As a biblical Christian, I respond that I trust the Bible (for a range of reasons I don't have time to go into on this post) and so believe that the genealogies and histories are true, and that Jesus and the Apostles were correct when they referred to Adam, Enoch, Noah etc. as literal historical people. Therefore (because I accept the Bible as a primary resource) I believe the Earth is about 6,000 years old. The opponent then basically says. 'Ha! Got you! you're an ignorant moron who believes in fairy stories and denies science, so I don't have to answer any of the science problems you raised about evolution.' This is very convenient for them, as they can't satisfactorily answer any of the above mentioned science problems I raise.

I freely admit that I do not know enough mathematics, physics and astronomy to seriously address the science issues around distant starlight and how this might be consistent with a 6,000 year old creation. And neither do most of the people who so boldly assert that 'the scientists have proved it'. These people also believe a lot of other stuff they have been spoon fed since the age of 4 and never question. They are so very trusting of their masters. Some of these people also believe that Islam is a religion of peace and that Britain can borrow her way out of debt, despite the profound and readily accessible evidence to the contrary. I digress, although everything is connected.

However, as with all scientific evaluation of difficult questions, there are confounding factors and different angles on the apparent evidence for a very old cosmos and Earth. The most overarching and fundamental of these factors is the presence (even if only theoretical) of a Supreme Being who possesses and uses wisdom and power of a totally different order of magnitude than we can even imagine. As I posted yesterday, this factor tends to be automatically discounted, yet it is at the heart of the discussion. So why discount the only alternative to materialism? Not a very fair minded or reasonable thing for a disinterested seeker of truth, but very much what one would expect from a philosophically determined materialist.

Another thing I take into account when questioning billions of years is that I know very well that I have been systematically deceived over the biology of molecules to man evolution. The stuff I was taught at A level science-peppered moths, Galapagos finches, sickle cell disease, Miller-Urey experiment, embryology recapitulates phylogeny etc. (and all this is still being taught in schools today, by government diktat and prevented BY LAW from being questioned) is all a load of guff. I reserve the right to assume that the people who have deceived themselves and others over, for example, beneficial mutations as the central creative mechanism of evolution, may have been similarly lacking in objectivity and/or integrity over age of the cosmos issues.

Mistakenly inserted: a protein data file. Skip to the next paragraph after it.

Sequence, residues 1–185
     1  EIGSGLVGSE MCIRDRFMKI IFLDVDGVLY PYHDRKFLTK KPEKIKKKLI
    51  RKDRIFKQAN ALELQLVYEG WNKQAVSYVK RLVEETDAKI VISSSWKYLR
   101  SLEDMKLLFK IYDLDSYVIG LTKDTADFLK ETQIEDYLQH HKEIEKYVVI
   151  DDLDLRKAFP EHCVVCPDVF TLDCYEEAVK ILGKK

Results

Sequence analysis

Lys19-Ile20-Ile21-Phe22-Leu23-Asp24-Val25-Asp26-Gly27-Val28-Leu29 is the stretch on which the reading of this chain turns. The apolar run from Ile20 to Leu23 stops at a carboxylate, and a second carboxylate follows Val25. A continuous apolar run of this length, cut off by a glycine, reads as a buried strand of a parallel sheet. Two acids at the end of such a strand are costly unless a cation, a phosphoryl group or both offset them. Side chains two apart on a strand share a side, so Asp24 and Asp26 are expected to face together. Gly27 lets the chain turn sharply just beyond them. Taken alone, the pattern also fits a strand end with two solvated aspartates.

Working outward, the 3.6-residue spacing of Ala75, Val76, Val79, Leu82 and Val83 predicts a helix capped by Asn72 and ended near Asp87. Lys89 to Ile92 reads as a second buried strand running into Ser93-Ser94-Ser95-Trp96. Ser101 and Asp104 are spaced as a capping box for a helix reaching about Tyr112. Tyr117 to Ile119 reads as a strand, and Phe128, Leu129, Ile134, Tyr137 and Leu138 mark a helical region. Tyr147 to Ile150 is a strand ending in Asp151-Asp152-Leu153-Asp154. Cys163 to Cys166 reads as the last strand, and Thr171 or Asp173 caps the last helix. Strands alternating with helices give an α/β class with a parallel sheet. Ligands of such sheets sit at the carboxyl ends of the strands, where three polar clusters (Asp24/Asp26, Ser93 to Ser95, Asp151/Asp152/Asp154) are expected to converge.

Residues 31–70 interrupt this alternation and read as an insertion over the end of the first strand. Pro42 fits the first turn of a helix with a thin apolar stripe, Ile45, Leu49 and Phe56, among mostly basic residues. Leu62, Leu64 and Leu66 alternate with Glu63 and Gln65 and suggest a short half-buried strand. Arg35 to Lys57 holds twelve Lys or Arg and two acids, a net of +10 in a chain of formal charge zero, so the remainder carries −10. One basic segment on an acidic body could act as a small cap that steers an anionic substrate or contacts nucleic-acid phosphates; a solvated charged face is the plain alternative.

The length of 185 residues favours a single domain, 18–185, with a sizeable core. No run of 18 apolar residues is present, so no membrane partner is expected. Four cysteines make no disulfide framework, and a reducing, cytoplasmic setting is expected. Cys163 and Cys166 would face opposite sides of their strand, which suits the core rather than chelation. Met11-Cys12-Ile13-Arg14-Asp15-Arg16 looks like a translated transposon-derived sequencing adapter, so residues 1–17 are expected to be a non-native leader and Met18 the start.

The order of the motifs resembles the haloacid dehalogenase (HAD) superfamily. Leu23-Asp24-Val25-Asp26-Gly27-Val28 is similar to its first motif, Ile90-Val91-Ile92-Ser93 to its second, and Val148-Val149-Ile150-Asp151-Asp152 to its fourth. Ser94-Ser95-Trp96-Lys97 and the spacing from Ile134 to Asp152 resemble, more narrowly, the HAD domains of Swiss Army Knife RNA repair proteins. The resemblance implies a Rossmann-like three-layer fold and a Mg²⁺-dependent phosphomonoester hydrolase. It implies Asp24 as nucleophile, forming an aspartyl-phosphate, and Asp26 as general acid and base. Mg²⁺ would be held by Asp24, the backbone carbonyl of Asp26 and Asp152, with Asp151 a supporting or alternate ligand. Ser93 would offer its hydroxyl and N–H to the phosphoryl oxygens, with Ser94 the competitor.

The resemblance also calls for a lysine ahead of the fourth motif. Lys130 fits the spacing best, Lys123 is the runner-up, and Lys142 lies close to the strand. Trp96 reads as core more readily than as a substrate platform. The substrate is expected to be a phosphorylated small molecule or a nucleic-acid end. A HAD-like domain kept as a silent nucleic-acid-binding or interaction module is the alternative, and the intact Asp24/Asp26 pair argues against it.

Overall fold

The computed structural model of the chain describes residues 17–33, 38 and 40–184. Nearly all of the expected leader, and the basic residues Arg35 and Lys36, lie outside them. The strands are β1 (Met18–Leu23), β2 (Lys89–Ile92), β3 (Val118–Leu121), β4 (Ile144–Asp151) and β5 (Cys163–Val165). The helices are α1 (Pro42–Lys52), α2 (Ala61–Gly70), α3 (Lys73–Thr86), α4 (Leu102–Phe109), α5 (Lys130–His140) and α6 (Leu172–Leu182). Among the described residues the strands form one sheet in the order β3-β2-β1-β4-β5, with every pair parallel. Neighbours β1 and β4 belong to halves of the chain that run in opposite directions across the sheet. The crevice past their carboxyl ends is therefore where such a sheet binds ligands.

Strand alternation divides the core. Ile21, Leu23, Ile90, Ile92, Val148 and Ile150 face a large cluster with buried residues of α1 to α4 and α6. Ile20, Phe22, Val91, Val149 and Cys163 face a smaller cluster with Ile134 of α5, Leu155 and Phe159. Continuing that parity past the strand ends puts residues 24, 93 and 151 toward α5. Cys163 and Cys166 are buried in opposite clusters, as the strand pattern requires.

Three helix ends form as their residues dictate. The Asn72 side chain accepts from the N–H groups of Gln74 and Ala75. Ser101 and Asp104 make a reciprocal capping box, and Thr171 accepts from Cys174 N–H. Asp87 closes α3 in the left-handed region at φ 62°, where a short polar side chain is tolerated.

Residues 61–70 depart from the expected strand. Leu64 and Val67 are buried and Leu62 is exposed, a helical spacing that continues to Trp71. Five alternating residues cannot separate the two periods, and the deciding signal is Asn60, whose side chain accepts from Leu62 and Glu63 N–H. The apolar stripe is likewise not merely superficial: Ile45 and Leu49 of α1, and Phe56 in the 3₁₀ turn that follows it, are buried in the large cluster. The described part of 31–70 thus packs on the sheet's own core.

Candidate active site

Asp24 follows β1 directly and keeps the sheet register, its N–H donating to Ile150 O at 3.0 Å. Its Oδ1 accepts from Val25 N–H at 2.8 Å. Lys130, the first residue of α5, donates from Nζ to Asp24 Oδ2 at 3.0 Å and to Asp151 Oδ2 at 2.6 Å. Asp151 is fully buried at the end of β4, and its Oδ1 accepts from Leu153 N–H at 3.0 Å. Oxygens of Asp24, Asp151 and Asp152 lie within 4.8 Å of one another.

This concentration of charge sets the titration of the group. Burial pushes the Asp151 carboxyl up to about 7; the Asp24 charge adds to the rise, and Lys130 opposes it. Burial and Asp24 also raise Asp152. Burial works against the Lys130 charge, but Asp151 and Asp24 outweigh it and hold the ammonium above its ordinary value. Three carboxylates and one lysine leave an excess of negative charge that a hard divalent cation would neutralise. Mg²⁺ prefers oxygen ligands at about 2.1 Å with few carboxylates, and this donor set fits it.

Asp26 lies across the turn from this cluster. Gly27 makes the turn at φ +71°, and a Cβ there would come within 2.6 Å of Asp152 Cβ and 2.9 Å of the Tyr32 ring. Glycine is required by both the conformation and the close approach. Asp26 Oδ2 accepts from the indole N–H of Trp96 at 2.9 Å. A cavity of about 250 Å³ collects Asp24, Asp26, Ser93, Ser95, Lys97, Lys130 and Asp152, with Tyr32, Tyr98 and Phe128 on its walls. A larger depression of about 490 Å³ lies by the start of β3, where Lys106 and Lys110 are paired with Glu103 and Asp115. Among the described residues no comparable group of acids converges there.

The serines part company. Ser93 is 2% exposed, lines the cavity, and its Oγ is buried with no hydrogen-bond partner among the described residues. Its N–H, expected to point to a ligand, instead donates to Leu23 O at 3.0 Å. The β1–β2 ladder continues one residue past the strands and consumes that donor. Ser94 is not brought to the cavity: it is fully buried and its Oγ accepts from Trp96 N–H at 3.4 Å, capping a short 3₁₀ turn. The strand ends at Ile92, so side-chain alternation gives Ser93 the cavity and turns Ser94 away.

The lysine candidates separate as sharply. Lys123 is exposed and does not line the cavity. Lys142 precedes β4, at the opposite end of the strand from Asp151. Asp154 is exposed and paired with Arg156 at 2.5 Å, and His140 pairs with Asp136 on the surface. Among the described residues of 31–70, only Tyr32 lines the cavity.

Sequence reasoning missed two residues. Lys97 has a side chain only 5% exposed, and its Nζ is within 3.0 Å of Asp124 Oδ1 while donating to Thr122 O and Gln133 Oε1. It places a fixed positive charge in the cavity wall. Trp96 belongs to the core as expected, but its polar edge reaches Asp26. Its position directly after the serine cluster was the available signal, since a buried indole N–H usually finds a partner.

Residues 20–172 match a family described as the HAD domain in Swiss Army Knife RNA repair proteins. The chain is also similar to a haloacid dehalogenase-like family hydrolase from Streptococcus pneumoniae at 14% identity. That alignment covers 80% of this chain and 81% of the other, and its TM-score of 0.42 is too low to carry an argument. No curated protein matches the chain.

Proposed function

What Faulkner essentially says in his essay is really very similar to what we read in the Book of Job in the Old Testament. After Job has said his piece, God responds, beginning with the question 'Where were you when I laid the foundations of the Earth? Tell me how I made the stars, since you're so clever!'

At this stage I can hear the sniggers 'Oh yeah, so you're falling back on the 'goddidit' defence! Typical!' Well if you like, I am. However, what if God DID do it? Because that after all is the central argument of the biblical creationist, and indeed of all anywhere near orthodox Christians. Have you  heard of the Nicene creed, or indeed read the historic accounts of the life of Jesus we call the four Gospels? If you extract the miraculous, you are left with nothing much at all, apart from some astounding moral teaching. Moral teaching which we can take or leave as we please if there is no Creator God to Whom we are accountable.

If the Christian religion has any validity whatsoever then Jesus of Nazareth was born of a virgin according to centuries' old prophecies (proving a God who exists outside of time and knows the end from the beginning), turned water into wine (His first miracle, see John's Gospel chapter 2) healed the sick, restored sight to the blind, raised the dead and after His crucifixion, ascended to heaven where He is seated at the right hand of the Father and will come again in glory to judge the living and the dead. That's us by the way. As some anti Christian commentators have noted (although theistic evolutionists tend to shy away from this) if we are in for a penny, may as well be in for a pound. Either God performs mighty miracles or He does not, and if not, then why bother following Jesus at all? And if God can raise the dead, which science says is impossible, then why not create all things in 6 days?

The AiG article mentions that God created the stars to shine light on the Earth and mark times and seasons. To be fit for purpose, that light would have had to reach Earth by day 6 when Adam was created. Faulkner effectively suggests that the light was miraculously 'pulled', perhaps by some sort of inflation or 'stretching out' of space. There are several references to the Creator 'stretching out the heavens' in Isaiah. He freely admits that this would not be susceptible to any kind of scientific measurement or validation. It could not be. Back to Job, who was forced to admit that when confronted with the reality of God he was compelled to despise himself and repent in dust and ashes.